It’s difficult to believe that in an environment dominated by ocean and large sharks, the apex land predator in the Turks and Caicos Islands is a small, nonvenomous snake. A really, really big Turks Island boa is 5 feet long (1.5 meters) and weighs a whopping 1 pound or so (0.4 kilograms). Most are much, much smaller, less than three feet long in fact, and weigh only a few ounces. Nonetheless, like most snakes, humans often fear these animals, and malicious killings are part of the reason they are now rare on most islands in the Caribbean Sea. Another reason is predation by introduced cats and dogs, which the boas have no fear of or natural defenses from. Human development and the habitat loss and vehicular traffic that come with it are other reasons.
The boa pictured here is a large female from Big Ambergris Cay, a small island located on the eastern edge of the Caicos Islands. Big Ambergris has the largest remaining population of this species and one of the densest-known boa populations in the world. The island is only about 2.5 square miles (6.5 square kilometers) in area, but population estimates suggest there are over 2,000 snakes there!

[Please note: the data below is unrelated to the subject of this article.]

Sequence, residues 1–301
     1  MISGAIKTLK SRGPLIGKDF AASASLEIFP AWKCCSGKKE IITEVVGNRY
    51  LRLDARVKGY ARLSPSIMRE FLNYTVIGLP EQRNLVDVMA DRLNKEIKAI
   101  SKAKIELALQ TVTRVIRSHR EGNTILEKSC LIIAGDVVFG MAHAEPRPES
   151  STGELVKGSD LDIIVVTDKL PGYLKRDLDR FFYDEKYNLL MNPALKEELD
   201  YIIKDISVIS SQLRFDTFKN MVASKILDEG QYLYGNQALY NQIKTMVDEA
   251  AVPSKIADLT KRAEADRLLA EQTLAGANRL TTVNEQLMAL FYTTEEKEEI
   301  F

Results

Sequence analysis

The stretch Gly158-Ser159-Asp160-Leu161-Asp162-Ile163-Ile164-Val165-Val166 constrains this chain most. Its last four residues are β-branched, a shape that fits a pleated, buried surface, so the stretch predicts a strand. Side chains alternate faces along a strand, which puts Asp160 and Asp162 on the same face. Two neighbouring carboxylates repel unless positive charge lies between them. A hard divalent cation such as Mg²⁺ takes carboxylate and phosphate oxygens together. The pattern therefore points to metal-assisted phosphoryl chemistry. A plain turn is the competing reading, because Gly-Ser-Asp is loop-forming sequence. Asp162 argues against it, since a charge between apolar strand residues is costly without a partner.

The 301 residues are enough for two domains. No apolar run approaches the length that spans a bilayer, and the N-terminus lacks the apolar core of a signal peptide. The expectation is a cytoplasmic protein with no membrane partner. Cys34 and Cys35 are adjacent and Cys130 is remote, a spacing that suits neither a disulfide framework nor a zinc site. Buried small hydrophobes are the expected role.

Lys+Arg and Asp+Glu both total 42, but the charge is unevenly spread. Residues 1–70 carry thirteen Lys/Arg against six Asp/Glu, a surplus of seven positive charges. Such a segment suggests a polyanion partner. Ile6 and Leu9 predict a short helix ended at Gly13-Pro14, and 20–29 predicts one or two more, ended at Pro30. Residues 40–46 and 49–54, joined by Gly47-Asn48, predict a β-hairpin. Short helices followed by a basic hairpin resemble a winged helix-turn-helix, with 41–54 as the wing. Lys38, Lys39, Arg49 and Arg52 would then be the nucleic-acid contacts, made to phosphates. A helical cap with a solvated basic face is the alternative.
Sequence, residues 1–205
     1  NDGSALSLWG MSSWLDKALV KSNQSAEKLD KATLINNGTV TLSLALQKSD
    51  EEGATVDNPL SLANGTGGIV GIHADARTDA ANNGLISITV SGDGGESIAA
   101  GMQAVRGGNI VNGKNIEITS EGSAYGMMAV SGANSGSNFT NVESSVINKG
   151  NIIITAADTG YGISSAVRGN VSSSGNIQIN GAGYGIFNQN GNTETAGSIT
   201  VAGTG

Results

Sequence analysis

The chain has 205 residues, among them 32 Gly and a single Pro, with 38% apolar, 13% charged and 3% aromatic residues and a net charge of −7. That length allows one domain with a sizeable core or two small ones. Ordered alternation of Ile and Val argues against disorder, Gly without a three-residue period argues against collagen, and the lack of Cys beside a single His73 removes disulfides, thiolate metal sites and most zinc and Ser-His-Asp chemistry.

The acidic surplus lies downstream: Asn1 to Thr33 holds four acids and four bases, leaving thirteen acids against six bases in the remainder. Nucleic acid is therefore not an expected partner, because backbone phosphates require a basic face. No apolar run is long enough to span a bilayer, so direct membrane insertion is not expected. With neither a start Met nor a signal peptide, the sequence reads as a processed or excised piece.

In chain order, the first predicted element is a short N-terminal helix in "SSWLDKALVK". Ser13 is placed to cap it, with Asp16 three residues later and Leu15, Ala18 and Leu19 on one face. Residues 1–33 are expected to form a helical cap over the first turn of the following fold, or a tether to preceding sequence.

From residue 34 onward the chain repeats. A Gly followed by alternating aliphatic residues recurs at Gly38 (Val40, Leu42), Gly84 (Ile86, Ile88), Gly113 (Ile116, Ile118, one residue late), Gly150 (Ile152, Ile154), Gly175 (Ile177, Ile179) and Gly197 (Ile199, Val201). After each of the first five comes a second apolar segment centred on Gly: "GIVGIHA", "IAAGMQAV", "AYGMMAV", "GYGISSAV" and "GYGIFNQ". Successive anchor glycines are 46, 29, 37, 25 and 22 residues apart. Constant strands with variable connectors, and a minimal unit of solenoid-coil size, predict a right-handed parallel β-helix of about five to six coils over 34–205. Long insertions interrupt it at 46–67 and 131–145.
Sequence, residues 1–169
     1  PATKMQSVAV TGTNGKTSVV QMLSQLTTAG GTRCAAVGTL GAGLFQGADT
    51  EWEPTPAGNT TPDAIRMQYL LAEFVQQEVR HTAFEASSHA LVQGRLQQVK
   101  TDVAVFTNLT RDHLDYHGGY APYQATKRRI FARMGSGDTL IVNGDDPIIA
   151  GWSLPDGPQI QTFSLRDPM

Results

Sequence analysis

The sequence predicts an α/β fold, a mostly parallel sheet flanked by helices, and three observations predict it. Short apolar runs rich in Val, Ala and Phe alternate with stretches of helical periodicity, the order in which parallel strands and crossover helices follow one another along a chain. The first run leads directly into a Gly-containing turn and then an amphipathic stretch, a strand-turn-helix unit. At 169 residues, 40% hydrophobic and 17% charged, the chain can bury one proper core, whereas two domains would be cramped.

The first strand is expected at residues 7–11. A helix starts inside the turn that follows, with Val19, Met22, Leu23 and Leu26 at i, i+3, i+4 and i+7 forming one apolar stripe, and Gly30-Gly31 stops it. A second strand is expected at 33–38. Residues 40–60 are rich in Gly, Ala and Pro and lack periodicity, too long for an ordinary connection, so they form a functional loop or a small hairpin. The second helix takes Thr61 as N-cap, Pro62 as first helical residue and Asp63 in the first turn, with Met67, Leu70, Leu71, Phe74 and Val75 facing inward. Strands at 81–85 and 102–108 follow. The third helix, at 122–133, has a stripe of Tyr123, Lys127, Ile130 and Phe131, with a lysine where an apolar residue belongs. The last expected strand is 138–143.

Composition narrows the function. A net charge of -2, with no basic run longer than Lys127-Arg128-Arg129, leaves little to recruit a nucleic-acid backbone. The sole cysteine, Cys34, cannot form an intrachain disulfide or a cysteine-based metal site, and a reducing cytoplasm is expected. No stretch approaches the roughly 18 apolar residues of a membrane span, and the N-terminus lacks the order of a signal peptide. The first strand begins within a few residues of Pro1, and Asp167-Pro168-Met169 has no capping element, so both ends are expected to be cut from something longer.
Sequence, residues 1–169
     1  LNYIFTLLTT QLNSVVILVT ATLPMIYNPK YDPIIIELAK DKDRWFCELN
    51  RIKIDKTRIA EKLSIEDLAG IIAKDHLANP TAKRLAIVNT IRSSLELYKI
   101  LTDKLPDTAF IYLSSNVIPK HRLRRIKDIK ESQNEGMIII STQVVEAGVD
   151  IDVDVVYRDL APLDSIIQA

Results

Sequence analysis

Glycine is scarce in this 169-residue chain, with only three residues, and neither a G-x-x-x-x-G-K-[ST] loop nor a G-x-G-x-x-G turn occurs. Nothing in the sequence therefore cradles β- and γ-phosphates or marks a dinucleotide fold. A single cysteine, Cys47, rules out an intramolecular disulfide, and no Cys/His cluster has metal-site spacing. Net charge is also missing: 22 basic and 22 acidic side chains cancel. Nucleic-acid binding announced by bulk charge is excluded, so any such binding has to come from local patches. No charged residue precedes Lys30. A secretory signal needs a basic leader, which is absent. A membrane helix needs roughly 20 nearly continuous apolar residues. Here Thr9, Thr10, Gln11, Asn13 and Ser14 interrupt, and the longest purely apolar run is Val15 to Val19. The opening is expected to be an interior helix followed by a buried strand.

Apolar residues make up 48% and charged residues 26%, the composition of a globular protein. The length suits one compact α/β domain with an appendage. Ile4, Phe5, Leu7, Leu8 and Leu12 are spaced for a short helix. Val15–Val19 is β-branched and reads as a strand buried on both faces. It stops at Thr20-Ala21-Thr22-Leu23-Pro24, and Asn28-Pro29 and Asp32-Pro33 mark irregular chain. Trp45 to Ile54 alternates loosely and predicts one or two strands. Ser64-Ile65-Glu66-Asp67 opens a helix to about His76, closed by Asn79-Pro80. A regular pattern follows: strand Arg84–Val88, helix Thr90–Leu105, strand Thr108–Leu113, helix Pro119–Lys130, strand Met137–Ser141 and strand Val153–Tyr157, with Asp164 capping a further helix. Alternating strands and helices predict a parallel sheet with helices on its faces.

Unfortunately, Big Ambergris Cay is now in the process of being developed as an exclusive private resort community. The challenge ahead will be to find a balance between the needs of humans and native wildlife, like the boas. Fortunately, both the government and the developers recognize this challenge and are working with conservationist to ensure such a balance is achieved.
Glenn Gerber is head of the San Diego Zoo’s Caribbean Regional Program. Read his previous post, Boas in the Caribbean.